Two years ago the Derry human rights lawyer suggested a unity referendum should take place in 2023.
Addressing the Oireachtas Joint Committee on the Implementation of the Good Friday Agreement on Tuesday, Prof. Harvey said he still thinks a concrete timetable is essential otherwise vital preparatory work could be put on the long finger.
“The suggestion was born out of a sense of frustration, which I suspect many members of the committee share. I had been to one too many meetings where people stood up and said there needed to be planning and preparation but then everybody went home and did nothing.
“My view is that very little planning, project planning or homework would get done on the island of Ireland if the date was completely open-ended. My view, therefore, is that a timeframe is helpful to focus minds to get the work done. Again, I am not sure how much homework would get done on this island if there was no timeframe for the discussion,” he said.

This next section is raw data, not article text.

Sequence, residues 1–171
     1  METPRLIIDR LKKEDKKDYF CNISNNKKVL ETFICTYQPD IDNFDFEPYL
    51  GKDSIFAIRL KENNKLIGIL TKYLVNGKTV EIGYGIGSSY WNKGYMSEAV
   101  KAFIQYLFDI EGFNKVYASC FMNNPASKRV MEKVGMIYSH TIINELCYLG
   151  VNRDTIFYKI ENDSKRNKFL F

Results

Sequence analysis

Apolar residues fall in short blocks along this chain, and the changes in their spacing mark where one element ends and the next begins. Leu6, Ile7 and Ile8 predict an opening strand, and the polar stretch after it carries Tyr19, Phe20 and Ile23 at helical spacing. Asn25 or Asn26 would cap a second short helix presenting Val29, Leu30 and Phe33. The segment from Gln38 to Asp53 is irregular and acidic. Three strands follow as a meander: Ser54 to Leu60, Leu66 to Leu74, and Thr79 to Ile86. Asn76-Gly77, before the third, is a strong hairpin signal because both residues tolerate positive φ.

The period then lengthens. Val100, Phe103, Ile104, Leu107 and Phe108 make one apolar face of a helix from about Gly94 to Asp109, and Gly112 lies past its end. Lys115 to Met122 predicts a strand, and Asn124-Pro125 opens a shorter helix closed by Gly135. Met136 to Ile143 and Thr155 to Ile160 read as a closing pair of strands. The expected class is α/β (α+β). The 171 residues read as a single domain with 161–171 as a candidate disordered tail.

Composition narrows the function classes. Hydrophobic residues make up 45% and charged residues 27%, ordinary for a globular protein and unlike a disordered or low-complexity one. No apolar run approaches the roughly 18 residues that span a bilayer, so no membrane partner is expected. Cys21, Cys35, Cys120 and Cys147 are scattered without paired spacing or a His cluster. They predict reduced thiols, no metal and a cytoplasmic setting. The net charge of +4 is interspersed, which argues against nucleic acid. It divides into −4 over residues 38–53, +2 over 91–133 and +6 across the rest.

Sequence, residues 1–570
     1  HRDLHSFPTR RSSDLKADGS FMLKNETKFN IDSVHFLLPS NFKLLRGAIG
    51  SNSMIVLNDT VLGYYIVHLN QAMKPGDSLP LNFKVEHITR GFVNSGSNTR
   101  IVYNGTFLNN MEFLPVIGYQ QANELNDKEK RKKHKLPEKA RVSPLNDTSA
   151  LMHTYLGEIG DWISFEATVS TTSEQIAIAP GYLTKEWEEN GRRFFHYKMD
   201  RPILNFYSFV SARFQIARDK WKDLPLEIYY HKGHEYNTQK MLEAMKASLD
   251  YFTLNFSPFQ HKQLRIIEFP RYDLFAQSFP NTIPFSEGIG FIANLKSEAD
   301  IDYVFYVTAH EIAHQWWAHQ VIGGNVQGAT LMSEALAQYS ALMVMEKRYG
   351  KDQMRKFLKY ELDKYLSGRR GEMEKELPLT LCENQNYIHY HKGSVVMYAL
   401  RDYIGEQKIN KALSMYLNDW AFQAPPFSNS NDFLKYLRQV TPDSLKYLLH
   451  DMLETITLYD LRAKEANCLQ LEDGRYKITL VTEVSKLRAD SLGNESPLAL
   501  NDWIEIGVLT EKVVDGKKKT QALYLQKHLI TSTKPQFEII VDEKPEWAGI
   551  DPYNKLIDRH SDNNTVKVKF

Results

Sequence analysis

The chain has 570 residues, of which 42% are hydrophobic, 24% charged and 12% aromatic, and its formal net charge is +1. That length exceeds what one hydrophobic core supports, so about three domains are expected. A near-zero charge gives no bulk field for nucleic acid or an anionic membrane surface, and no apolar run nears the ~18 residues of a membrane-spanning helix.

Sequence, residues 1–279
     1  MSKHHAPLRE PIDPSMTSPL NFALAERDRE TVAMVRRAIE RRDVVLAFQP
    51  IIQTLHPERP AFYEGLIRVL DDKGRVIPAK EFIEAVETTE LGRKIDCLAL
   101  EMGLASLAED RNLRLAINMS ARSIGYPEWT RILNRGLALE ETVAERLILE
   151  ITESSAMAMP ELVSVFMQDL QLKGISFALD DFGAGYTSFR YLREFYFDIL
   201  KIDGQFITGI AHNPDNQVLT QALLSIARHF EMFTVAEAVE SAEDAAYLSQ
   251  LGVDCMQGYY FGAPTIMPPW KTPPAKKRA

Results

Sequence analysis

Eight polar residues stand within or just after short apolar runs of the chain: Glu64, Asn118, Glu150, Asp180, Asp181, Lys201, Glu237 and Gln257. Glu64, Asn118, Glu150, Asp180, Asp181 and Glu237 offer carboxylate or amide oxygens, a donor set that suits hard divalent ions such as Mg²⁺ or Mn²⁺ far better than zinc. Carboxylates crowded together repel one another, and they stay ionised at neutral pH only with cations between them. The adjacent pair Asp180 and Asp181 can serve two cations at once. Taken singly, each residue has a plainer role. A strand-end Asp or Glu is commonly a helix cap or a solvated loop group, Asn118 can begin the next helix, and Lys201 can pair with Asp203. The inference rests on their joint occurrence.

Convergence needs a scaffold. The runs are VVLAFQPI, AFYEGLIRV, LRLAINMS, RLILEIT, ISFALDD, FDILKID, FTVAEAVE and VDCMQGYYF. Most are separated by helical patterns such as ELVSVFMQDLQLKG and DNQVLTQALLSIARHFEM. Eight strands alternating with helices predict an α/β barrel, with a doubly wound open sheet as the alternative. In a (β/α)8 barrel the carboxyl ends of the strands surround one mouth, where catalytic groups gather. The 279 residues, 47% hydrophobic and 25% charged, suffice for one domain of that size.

Prof. Harvey said he was not alone in pushing for a date.
“It is notable that Bertie Ahern has followed my lead in suggesting the 30th anniversary of the Good Friday Agreement. I had suggested the 25th anniversary. We notice there is a convergence in the debate around the next decade. Their seems to be an emerging sense that we are in a crucial decade for the constitutional conversation. As members know, Brexit has dramatically affected that debate.”